Why does hair turn gray?
Anne Marie Hathcock
For parents, unruly children are the obvious cause of gray hair. To scientists, the situation is more complex. As D.J. Tobin, who heads a team that studies dermopathology at the University of Bradford in England, points out, the matter is an issue of genetics and aging.
Melanin, a chemical produced by specialized cells within each hair follicle, is responsible for giving hair color. Different types of melanin are responsible for different types of hair color-eumalinin for brown or black hair and pheomelanin for yellow or red hair. The type of melanin an individual has is controlled by pigment cells that are, in turn, determined by genes. As we age, the pigment cells at the base of our hair follicles stop producing melanin; without the chemical, our hair turns white.
The body has no central source for melanin, such as a gland; the chemical is produced for each strand of hair: This is why hairs tend to go gray individually.
Researchers have yet to come up with a definitive reason why our hair follicles stop producing melanin. Tobin has found that gray hair follicles still contain melanin's building blocks, melanocytes and melanosomes, though not melanin itself.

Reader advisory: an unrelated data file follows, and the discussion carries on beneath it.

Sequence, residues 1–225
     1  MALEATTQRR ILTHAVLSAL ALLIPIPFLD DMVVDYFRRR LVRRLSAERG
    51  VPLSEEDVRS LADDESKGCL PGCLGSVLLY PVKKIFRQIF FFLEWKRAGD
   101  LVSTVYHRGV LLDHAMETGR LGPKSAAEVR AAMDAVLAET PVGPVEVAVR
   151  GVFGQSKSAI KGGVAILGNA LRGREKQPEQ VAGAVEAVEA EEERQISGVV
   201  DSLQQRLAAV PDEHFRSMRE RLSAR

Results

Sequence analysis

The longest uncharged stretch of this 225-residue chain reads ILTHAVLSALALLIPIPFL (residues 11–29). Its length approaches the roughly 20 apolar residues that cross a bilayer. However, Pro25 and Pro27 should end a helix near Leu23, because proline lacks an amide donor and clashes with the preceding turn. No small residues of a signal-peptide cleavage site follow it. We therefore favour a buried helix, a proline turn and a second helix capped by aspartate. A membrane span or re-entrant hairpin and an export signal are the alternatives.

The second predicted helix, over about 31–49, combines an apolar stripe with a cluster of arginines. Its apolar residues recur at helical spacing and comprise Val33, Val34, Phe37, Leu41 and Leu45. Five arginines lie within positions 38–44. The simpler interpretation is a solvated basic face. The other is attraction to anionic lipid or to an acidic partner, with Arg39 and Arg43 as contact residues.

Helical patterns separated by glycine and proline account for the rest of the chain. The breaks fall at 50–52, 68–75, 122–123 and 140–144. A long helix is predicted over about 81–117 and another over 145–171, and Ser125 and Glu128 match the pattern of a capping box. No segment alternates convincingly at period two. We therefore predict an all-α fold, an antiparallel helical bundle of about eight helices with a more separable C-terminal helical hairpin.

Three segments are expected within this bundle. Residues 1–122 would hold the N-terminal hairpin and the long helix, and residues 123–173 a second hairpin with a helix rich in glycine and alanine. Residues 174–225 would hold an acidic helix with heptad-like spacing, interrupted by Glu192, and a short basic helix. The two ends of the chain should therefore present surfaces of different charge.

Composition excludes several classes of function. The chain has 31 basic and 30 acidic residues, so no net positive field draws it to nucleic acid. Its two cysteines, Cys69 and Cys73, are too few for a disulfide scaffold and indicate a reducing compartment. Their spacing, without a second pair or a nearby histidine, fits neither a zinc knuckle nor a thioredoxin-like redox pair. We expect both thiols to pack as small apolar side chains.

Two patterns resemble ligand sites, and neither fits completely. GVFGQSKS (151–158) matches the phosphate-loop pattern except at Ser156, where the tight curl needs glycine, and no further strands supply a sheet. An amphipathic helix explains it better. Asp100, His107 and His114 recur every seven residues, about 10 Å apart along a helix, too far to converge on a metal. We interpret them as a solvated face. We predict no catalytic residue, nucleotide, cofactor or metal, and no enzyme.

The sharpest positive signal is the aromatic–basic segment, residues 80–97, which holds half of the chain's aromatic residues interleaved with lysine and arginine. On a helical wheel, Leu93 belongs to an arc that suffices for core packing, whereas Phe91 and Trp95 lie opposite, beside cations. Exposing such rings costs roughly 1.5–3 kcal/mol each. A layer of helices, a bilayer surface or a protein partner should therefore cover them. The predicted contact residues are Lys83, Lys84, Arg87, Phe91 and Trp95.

It has been suggested that over time, free radicals damage these pigment-producing cells. Free radicals, which are produced by various metabolic processes within our body (including melanin production), can cause DNA damage. Tobin dismisses this argument, though, claiming that the melanin-producing cells have well-developed methods of purging themselves of free radicals.
According to Tobin, there is no strong evidence that you can do anything to retard the onset of gray hair. The process generally takes place over many years, though an extremely rare disease called telogen effluvium gives the appearance of going gray overnight. Sir Thomas More and Marie Antoinette were both afflicted by this condition. The disease causes all of a person's pigmented hair to fall out, leaving only gray hairs in place.
Though the onset of gray hair differs greatly from individual to individual, it generally happens at around age 30 in males and age 35 in females.
Research suggests that we may be able to reverse the graying process in the future. Tobin's group, for instance, has determined that the dormant melanocytes and melanosomes in gray hair follicles can be coaxed into creating melanin again, but it will likely be a while before we see any products in the hair salon. Meanwhile, we'll have to console ourselves with the thought that many people find salt-and-pepper hair distinguished.
Edited by Bob Sillery
Research by Reed Albergotti, Rob Barnett, and Emily Bergeron